Each people has an impact on the environment, and it’s often in ways we don’t consider. Take food, as an example. It accounts for 10%–30% of a household’s carbon footprint, which is that the total amount of gas emissions we cause directly and indirectly. These gases, including methane and greenhouse gas, trap heat within the atmosphere and are a big reason for global climate change.
Food also takes water to provide, and once we waste food, we’re wasting all the water, energy, and other resources that went into it. There’s packaging to contemplate as well—oh, most packaging.
“The most immediate action anyone can take [on climate change] today is to seem at what they’re putting on their plate and what they’re fitting their body,” Jillian Semaan, food and environment director at the planet Day Network, told The Verge in February 2020.
It is empowering to comprehend we will help mitigate huge environmental problems through our food choices. But knowing what to eat and what to chop back on isn’t easy when there are such a big amount of steps that occur between the farm and our table. Measuring climate impact will be difficult, and the U.S.’s dietary guidelines don’t include environmental considerations.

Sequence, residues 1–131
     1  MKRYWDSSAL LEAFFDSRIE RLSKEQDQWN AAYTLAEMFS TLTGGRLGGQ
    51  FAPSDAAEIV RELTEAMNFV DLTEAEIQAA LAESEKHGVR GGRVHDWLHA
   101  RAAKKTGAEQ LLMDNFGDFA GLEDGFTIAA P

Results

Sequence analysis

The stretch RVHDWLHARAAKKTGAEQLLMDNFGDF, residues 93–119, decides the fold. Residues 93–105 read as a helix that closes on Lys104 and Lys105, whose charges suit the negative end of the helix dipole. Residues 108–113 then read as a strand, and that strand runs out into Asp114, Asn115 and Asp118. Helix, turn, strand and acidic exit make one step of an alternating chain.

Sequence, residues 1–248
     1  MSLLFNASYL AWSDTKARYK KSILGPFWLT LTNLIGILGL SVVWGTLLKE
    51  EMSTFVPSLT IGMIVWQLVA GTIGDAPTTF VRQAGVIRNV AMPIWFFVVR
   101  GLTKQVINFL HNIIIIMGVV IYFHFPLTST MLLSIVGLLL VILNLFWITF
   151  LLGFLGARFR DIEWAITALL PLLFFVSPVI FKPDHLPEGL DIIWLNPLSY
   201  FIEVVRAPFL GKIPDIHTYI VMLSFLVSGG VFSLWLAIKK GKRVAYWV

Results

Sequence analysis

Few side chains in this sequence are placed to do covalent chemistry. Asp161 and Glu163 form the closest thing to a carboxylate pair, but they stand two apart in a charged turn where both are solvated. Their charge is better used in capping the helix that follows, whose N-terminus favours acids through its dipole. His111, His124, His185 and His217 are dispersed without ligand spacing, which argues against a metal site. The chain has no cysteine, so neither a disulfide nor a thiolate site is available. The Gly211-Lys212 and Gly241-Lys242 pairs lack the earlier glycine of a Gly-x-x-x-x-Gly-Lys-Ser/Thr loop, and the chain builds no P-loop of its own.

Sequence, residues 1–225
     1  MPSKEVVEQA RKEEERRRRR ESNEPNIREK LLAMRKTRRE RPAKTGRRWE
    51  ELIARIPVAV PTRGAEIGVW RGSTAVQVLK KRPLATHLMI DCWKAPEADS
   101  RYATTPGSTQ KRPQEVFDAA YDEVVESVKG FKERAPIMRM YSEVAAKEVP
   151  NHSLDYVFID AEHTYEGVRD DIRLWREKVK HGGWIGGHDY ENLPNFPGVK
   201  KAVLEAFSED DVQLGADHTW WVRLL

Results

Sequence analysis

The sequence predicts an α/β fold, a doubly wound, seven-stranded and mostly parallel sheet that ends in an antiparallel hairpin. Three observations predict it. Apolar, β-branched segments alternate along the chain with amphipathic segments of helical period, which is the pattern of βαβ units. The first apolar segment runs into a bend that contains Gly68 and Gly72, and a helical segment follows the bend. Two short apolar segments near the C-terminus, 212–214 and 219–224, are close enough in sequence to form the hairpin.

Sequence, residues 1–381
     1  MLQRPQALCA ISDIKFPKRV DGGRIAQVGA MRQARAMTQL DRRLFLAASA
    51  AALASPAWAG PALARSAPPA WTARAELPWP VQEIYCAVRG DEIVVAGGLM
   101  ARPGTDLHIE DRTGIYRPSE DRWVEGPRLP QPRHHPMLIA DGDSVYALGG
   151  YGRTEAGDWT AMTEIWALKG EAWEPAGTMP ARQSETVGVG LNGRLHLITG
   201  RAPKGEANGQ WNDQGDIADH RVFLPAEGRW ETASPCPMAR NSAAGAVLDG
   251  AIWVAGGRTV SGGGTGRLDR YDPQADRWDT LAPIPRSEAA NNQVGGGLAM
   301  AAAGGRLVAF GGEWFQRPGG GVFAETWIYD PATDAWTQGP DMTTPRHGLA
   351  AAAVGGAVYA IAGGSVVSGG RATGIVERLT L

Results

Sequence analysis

Stacker used news reports, studies, and blog posts from environmental organizations to compile an inventory of how food production and consumption impact the environment. Many sources reference data from a meta-analysis of world food systems published in Science by Joseph Poore and Thomas Nemecek in 2018.
A warning: a number of your favorite foods are also driving deforestation, changes in land use, biodiversity loss, pollution, and water stress. Just know that even minor tweaks in your diet are often beneficial.
On a bigger scale, more awareness, collective action, consumer pressure on producers and huge companies, government action, and emerging technologies can reverse a number of the negative trends of agriculture and aquaculture, the latter of which is that the farming of aquatic animals. for example, the United Nations’ Food and Agriculture Organization estimates that irrigated land in developing countries will increase by 34% by 2030, but the number of water employed by agriculture will rise by only 14% due to improved irrigation practices.